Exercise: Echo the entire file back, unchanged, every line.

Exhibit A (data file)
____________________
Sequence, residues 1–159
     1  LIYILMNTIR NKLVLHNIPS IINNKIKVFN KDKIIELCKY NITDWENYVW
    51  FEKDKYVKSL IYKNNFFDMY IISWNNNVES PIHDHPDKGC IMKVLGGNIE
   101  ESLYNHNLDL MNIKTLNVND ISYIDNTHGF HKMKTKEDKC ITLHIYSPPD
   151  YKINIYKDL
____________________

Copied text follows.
Sequence, residues 1–159
     1  LIYILMNTIR NKLVLHNIPS IINNKIKVFN KDKIIELCKY NITDWENYVW
    51  FEKDKYVKSL IYKNNFFDMY IISWNNNVES PIHDHPDKGC IMKVLGGNIE
   101  ESLYNHNLDL MNIKTLNVND ISYIDNTHGF HKMKTKEDKC ITLHIYSPPD
   151  YKINIYKDL